Now you might argue that it was ridiculous of the business community to take such alarm, but it is difficult to see how it could have been avoided in this unfortunate sequence of events. I see that my anonymous opposite number in the New Statesman is trying to put the blame on the City for the devaluation scare. If devaluation comes, he suggests, nothing could prevent the government, which still has a large lead in the opinion polls, from 'going to the country on the issue of a banker's ramp. The City might then find that its fantasies were becoming real.' Is it seriously believed that a Labour government in 1965 can shut itself in an ivory tower of socialism, execute or exile all its City magnates (who are on - the whole a well-meaning lot) and become self- supporting on public works and the care of the deserving old and the infirm? The result would be such massive unemployment—and such a threat to the old-age pensioners—that the Labour government would be thrown out of office and some other government elected which could make a mixed economy work better. I am sure that Mr. Wilson does not see his role in history as the creator of economic chaos out of which commun- ism can arise and take over Britain. He has said more than once that Britain must pay its way in the world, which means exporting enough goods and services to pay for larger imports, which means making the exporters (managements and
men) happy and willing to take their shirts off and work harder and end their restrictive prac- tices. Being British mules, they are more likely to do this with the help of a carrot rather than a stick.
Here is Mr. Wilson's dilemma. He had to stand by the £, because to devalue the £ would be to devalue wages, which would mean cheating on Mr. George Brown's incomes policy. So he declared that he would use every financial weapon to safeguard sterling. But he could not have fore- seen that these weapons would be useless if con- • fidence at home and abroad were lacking. He had not allowed for the fact that the current flight from the £ differed from other flights in riot be- ing quickly responsive to 7 per cent Bank rate and credit squeezes. Nothing had been prepared to meet such a case; in other words, to prevent a conventional monetary deflation bringing on a recession and heavy unemployment.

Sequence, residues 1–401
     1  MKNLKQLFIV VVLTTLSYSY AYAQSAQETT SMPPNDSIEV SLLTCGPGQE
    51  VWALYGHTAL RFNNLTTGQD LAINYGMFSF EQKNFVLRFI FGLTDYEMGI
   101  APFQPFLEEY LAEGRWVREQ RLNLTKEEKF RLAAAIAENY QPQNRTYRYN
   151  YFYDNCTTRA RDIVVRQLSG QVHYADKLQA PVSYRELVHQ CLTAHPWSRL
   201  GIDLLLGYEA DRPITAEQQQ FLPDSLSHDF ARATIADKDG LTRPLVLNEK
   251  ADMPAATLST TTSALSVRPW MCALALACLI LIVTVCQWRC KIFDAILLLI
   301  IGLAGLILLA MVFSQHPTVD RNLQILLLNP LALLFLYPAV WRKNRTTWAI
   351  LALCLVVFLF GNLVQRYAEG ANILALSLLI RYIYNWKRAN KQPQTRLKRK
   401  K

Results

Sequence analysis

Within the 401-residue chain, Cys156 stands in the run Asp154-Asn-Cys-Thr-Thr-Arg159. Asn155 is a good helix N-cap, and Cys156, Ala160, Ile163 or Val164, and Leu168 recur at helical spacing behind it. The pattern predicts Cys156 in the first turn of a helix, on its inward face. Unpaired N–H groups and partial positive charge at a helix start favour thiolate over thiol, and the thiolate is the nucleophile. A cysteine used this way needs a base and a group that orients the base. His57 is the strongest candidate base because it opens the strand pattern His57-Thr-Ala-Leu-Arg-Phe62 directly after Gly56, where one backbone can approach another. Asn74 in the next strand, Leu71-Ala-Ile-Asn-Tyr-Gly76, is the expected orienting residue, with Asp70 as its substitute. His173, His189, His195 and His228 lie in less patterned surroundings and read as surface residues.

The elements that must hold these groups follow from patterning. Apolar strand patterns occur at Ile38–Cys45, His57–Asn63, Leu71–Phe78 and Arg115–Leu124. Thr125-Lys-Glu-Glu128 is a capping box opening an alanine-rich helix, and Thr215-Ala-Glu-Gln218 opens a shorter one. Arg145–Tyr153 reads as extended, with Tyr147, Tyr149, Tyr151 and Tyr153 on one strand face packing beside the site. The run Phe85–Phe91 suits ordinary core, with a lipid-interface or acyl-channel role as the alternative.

I venture to suggest that remedial action should be taken at once. The first and obvious step is to introduce the two-tier system of interest rates. It is ludicrous to inflict the nation with expensive housing and costly social investment just because foreign capital has to be induced by high rates of interest to stay in London or come back into sterling. There is no practical reason why the PWLB should not provide local authorities with 4 per cent loans while the money market rate to foreign depositors is 8 per cent. The building and contracting industry should be subject to some direct physical control, which is easily administered, not to high interest rate control. (Incidentally, the supply of bricks should be increased by state and private industry jointly setting up new brick-producing plants.) Secondly, the life , assurance business should be induced to put its money back into the gilt-edged market by being guaranteed against any change in its complicated taxation system for at least fifteen months. This would have the desirable two-fold effect of restoring confidence in the City and bringing down the domestic rate of long-term interest. Industrial investment in the private sec- tor might then go ahead and cheaper money might be a further inducement to exporters to modernise their plants. In short, monetary action to counter deflation in select sectors of the economy must be taken at once.